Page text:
Review - Termination Shock

:date: 2022-03-21 18:41 :tags:

My short review for the impatient: Neal Stephenson's latest book Termination Shock seems more reserved than some of his well-known works but it is a thoughtful, well-constructed story about a topic that may turn out to be far more important to our species than what nerds usually focus on.

That topic is geoengineering but before looking closer at that, I'll quickly run through my fiction scoring matrix.

This book is pretty new, from 2021, and on page 351 Covid-19 is mentioned as well as other recent political events. On page 355 Covid is mentioned again and one of the main characters is what the CDC (shyly) and I (boldly) call an "R" ("recovered" in what were formerly uncontroversial epidemiological models). What I found fascinating is that this character has lost his sense of smell even after otherwise recovering; but in the story he gets some slight restoration of his ability to smell things, but only important things that might represent danger, e.g. smoke. What's strange about that is that I actually had olfactory hallucinations of smoke  —  specifically  —  last year for a few months. It seems fine now but very weird for sure. So strong bonus points for covering a detail like that with such eerie accuracy.

On page 158 we learn exactly what genus of billionaire one of the main characters is ("ten billion"). I can't help but think Neal's penchant for writing about billionaires comes from some of his fans who make researching that demographic a bit too easy. Or worse, who own the world's largest bookstore.

But on page 178 the billionaire character changes the mood slightly with, "[Some engineers are] happy working on shit that's actually getting built, even if it ain't going to Mars with some fucking billionaire. We gotta terraform Earth before we get distracted by Mars is my philosophy."

I'm wondering if that philosophy might reflect that of the entire book. This certainly has very precisely been my position with respect to all nonsensical Mars colonization chatter. But there did seem to be an emphasis on specifically pursuing tractable feats which can actually be accomplished.

As with most Stephenson books, this one was filled with cultural curiosities from around the globe. The "sport" of gatka is featured and I got to learn what that is. This is on brand because Neal is always very interested in exotic ways people can hit each other with sticks. He's kind of right in the sense that we're probably hardwired to take such events pretty seriously.

I think for me what was most interesting was the fact that I personally knew a lot of the book's locations pretty well. While some of that was nice (the Netherlands, Lago di Como, etc), there was, unfortunately, a lot of Houston, Texas. There was much detail about the rivers, lakes, and bayous of East Texas exactly like ones I've canoed, swum, and even scuba dived in. I once lived right next to the White Oak Bayou, a major tributary of the waterway the story spends a lot of time on, and I know that kind of scenery all too well. I also know this kind of scenery described on page 339: "He was an Anglo Texan, but apparently not the sort who hated nonwhite folk  —  or if he was he did a good job of hiding it..." My first thought when reading that was, ok, that still needs to be spelled out I guess. Noted.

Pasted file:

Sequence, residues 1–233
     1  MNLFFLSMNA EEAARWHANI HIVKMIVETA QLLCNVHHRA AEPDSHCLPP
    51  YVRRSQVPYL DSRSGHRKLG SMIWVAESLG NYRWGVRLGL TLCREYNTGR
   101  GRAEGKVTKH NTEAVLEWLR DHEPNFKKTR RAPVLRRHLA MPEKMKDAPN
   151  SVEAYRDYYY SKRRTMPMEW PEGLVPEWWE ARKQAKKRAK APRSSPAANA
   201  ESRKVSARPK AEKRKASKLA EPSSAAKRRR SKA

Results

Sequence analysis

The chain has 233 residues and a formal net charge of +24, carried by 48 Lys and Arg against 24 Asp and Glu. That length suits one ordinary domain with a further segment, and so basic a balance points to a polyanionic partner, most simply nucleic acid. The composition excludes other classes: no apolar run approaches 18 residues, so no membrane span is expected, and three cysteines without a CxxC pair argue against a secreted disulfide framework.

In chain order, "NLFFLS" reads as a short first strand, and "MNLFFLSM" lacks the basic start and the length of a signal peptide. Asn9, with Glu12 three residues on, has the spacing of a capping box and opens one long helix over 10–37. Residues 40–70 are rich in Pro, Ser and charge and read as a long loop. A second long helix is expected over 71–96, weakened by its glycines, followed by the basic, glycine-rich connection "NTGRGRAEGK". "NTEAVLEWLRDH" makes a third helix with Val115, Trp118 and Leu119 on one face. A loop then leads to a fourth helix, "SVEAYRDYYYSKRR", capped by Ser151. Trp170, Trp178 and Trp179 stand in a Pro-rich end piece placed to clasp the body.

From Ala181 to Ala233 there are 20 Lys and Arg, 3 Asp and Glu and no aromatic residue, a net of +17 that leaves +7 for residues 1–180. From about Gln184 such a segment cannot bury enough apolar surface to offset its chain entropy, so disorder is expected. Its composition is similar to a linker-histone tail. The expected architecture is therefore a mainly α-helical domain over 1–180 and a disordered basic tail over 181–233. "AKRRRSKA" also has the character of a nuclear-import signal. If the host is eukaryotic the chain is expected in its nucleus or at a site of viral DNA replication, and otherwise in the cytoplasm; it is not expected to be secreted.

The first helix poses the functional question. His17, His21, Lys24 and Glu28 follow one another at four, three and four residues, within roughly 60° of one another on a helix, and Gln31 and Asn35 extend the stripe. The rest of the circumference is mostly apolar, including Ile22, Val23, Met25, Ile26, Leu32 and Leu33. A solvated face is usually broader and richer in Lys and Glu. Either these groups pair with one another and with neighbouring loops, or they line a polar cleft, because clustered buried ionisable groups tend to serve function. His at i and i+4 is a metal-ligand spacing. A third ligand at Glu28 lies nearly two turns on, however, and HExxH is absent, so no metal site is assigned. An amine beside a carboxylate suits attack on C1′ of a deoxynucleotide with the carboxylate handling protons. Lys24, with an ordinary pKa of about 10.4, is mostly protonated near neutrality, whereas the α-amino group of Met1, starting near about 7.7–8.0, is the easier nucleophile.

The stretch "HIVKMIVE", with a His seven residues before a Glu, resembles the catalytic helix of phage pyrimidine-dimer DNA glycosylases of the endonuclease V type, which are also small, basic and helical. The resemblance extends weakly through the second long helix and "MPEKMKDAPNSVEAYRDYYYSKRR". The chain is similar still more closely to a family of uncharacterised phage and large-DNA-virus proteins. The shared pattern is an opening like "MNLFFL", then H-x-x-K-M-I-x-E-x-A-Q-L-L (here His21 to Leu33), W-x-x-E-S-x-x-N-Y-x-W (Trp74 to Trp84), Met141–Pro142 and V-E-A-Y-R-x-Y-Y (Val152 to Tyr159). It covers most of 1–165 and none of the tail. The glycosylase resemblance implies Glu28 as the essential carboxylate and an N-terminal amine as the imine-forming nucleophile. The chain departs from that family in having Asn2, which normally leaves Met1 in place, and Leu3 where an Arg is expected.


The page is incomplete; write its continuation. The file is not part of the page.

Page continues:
Some of the tech was weirdly personal too. On page 417 a map is mentioned of dots in the ocean that turn out to be "weather buoys". There is a good reason I demonstrate such a map in my SVG notes. As someone who once was in charge of scooping up all of the data from thousands of weather buoys (technically "drifters"), that kind of felt personal too. But Stephenson covers a lot of ground; he probably talks about some coincidentally idiosyncratic thing from your life too.

Finally, let's look at the big tech topics. First is drone madness. This story features a lot of Deus Ex Drone action. Which is fine. We can vaguely take it as given that drones are neat and do surprisingly clever things. But my feeling about the whole topic is summed up on page 670: "[Important character] was in a quite ambivalent frame of mind about the whole drone thing. On the one hand, this whole operation would have been unthinkable without them. On the other hand, batteries." Exactly.

I think drones are a lot like 3d printers in that people are quite excited for the wrong reasons about the wrong things. (With 3d printers, the real interesting development is cheap motion control.) With drones, I think the amazing development is really the incredible power densities we can get with all portable electric systems today. The complex but obvious integration of a lot of other standard components completes the almost magical-seeming abilities of drones. So a lot of drone magic. Which is fine.

The main tech showcase and really the core of the book's theme is geoengineering  —  specifically trying to throw sulfur into the stratosphere to somehow mitigate/neutralize the excess carbon our planet's climate is struggling with. The idea would be to simulate volcanoes which have done this and cooled the planet. Is this a good idea? The book doesn't take a clear position on the matter other than it probably should at least be thought about by science fiction authors. Certainly a central theme of the book was that this kind of thing is controversial.

I'm no good with this kind of chemistry but my first thought on hearing the proposed solution was to wonder if sulfur was one of the causes of acid rain  —  Wikipedia tells me that sulfur dioxide sure is and that seems somehow relevant. But again, I'm no expert.

I have to give Neal credit though for writing a perfectly professional novel about this topic and giving it some attention. As we continue to screw up the climate, we may need some kind of drastic measures while we wait for our species' collapsing fertility to cure the problem.